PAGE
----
This week there was a theme to Prof Les Charm’s lectures – how to value a company. On Monday we looked at a case study called “Paint Pen” where we had to 1) create a cash flow sheet from the balance sheet and the income statement and 2) value the same company based on the cash flow statement and information given in the case.
Les had a few interesting points for assessing a company based on financial statements. The most important point is that we aren’t expected to be accountants, but that we need to be able to ask the right questions to get the important information. Towards this goal, Les recommended the following:
- Round figures – every entry becomes a lot clearer if you can round to the nearest sensible number
- Common size analysis – convert the numbers into percentages, for example on the income statement you might make revenues 100% and everything else a percentage of that. It makes it easier to compare across years.
- Compare these percentages to what you know about cash flow in other industries – analyse one channel compared to other channels. You can also leverage the existence of public company income statements – eg comparing your coffee shop percentages to those of Starbucks (by the way, Starbucks’ revenue in 2016 was around $21 billion with over 50% gross margin… not bad for a coffee shop!)
- To easily create the cash flow statement, separate entries into 1) Sources of Cash and 2) Uses of Cash. Forget about separating by Investing, Financing and Operating as that is for accountants!
- Business is all about how to divide the dollar – who’s getting margin where. “Business is about dividing a buck”. You can show where each percentage of a business dollar is going on a very easy to comprehend graph…
Then on Friday we had a session with a bit of a surprise. We had read a case study about a company named “Pyron” that was being put on the market. We split into 2 teams – buyers and sellers – and had 30 minutes to come up with 1) our respective negotiation strategy and 2) the highest we would be willing to pay for the company, or the lowest we would accept for the company. It was a stressful 30 minutes as we attempted to analyse the company (I was in the buying team). The negotiation was also difficult as 9 people at once had to remain on the same track – and neither team was giving the other an inch of leeway!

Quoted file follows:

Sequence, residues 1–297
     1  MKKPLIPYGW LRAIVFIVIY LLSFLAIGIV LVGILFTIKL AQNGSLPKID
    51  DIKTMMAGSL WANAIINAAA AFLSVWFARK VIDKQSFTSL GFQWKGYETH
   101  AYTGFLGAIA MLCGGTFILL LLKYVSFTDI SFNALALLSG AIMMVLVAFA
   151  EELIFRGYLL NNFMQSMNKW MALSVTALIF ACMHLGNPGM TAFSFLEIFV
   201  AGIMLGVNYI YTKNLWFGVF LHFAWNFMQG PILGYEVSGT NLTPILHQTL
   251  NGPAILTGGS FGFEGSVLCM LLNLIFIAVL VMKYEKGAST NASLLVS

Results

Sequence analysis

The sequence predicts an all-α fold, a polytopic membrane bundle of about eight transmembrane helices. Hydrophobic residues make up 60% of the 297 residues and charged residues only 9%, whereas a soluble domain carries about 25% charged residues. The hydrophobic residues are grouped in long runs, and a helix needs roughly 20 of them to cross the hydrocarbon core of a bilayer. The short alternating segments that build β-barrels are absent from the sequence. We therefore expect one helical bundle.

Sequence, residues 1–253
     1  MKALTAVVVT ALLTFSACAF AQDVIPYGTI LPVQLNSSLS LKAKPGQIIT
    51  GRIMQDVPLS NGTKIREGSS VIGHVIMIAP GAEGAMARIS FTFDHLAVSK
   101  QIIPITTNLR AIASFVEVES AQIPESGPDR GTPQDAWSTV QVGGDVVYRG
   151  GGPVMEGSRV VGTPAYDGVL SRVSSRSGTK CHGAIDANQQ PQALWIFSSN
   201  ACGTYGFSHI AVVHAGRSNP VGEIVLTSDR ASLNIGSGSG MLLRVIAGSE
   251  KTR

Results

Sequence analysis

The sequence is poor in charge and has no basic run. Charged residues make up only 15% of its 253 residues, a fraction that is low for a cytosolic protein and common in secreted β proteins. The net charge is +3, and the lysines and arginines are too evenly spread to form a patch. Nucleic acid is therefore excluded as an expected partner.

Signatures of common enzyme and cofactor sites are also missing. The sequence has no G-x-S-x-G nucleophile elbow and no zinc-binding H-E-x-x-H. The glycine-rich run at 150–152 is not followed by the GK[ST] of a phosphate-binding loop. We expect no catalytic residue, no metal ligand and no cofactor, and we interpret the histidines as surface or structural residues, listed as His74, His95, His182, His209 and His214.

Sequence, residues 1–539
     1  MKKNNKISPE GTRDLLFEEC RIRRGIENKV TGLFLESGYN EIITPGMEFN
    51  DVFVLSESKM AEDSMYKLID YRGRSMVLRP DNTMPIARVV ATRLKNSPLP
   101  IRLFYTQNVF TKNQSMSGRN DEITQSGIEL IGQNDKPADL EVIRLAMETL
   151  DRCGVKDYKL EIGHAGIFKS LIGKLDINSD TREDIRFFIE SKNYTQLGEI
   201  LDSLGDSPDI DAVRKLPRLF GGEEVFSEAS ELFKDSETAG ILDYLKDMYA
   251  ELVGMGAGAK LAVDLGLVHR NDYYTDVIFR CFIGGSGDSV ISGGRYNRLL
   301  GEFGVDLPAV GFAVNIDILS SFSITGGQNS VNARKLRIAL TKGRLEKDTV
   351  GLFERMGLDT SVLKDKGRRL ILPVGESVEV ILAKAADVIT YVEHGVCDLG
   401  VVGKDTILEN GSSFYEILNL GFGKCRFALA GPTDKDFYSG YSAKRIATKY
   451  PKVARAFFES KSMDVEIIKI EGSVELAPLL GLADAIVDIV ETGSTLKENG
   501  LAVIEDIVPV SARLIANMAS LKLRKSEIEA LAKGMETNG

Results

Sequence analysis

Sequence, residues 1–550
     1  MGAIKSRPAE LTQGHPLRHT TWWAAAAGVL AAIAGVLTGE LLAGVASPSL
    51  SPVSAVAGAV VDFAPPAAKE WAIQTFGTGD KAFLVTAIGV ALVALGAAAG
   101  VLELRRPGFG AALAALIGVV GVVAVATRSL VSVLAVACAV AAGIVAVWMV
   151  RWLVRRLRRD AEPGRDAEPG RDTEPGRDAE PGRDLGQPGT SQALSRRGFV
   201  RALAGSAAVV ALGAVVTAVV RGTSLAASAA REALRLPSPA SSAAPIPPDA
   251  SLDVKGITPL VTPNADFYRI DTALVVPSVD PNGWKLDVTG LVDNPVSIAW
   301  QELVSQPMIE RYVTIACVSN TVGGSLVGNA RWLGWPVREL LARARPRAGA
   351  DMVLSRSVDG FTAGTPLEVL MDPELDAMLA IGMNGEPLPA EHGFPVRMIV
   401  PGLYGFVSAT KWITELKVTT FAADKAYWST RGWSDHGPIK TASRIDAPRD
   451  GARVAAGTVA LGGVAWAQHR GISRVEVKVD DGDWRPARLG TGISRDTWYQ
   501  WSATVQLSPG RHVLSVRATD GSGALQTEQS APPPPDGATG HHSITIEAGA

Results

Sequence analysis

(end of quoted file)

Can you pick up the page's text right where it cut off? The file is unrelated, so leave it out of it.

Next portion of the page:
The point Les was trying to make – as he deftly managed the dynamics of the session – was that each person in the group would make different decisions at different points leading to different outcomes. And that it was all about choice. He also made the point that we all have to negotiate but that its not something we practise…
The session took a turn when the man, the myth, the legend Prof Ed Marram walked into the room and revealed that the case was a real life one based on his own experience! He had been the buyer and took us through his incredible story of how he bought the company for very little cash. His approach was 1) finding out who the stakeholders were 2) starting with the employees to make sure they wanted to come across to his company 3) rebalancing the accounts in a clever way so that shareholders didn’t lose out 4) deciding what he actually valued in the company (inventory and employees) and only paying as much as they were worth 5) leveraging a third party lender who had a vested interest in the deal going well…
It was an incredibly inspiring session that will stay with me, and has prompted me to plan to practise negotiation.
Les Charm’s Banking Session
There is a lot of Prof Les Charm in this blog already, and more coming. On Monday evening, Les very kindly invited us to his evening MBA class where he had invited a banker along to discuss a deal she had orchestrated and written up as a case study. It was a fascinating session where we learned about subordination of loans, what bankers look for in loaning money and why they do it the way they do.
American Emergency Room Shift
On Tuesday I did a 1600-2200 shift at a local Massachusetts Emergency Room, in Leominster. I wrote up a blog post about the experience, and the American Healthcare system, here.
Sell it to me!
On Wednesday we had a great class with Prof Tim Marken, who has been teaching us Sales as per the Value Selling Framework. We had to put ourselves in the position of “Sarah Harris”, an entrepreneur looking for investment from a successful (and wealthy) serial entrepreneur Jason. We teamed up in twos and took turns at grilling each other in 7 minute sessions.
The Museum for Fine Arts Diwali
Wednesday evening I went to the MFA, which was free for their Diwali evening. There was amazing art, dancing and Indian music, and I even got an opportunity to do some life drawing – pics below!